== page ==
It was an industry that united against Donald Trump, with dozens of executives penning open letters against the Republican candidate, dozens more publicly disavowing a longtime colleague and Trump supporter, and business leaders digging deep into their coffers in support of the Hillary Clinton campaign.
To the optimistic eye of Silicon Valley, Trump’s platform of fear-mongering, xenophobia and sexism went against everything the tech sector believes it stands for.
Where Trump took a hard-line stance on immigration, the tech industry had long lobbied for immigration reform that would make it easier for foreign workers — who play vital roles at many firms — to obtain work permits in the U.S.
Where Trump disparaged women and people from under-represented groups, Silicon Valley leaders saw a candidate out of line with the industry’s newfound commitment to diversity and inclusiveness.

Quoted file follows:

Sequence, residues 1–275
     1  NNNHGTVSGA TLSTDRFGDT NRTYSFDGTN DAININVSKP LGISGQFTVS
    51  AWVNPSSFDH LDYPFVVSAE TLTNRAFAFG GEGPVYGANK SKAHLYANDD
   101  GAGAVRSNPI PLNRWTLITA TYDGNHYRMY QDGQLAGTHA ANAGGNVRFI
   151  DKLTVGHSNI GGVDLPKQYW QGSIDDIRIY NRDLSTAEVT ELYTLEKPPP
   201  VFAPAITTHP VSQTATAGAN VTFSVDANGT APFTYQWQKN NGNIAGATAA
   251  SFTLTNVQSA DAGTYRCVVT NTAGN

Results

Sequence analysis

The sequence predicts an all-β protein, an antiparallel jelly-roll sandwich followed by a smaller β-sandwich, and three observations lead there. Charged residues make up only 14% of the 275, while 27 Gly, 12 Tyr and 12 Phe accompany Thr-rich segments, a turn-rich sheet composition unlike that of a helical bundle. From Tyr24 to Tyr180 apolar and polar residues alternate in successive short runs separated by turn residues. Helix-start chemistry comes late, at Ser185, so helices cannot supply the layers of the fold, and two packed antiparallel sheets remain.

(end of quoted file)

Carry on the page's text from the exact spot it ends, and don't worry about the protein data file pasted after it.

When influential venture capital and PayPal co-founder Peter Thiel endorsed Trump, some in the industry sought to distance themselves from him.
The tech world’s anti-Trump stance resonated among Los Angeles companies too, where not a single dollar went to Trump’s campaign from workers at 13 notable start-ups.
So when Trump took the lead on Tuesday night, Silicon Valley’s executives, venture capitalists and workers, understandably, didn’t take it well.
There was disbelief:
Anger, frustration and mourning: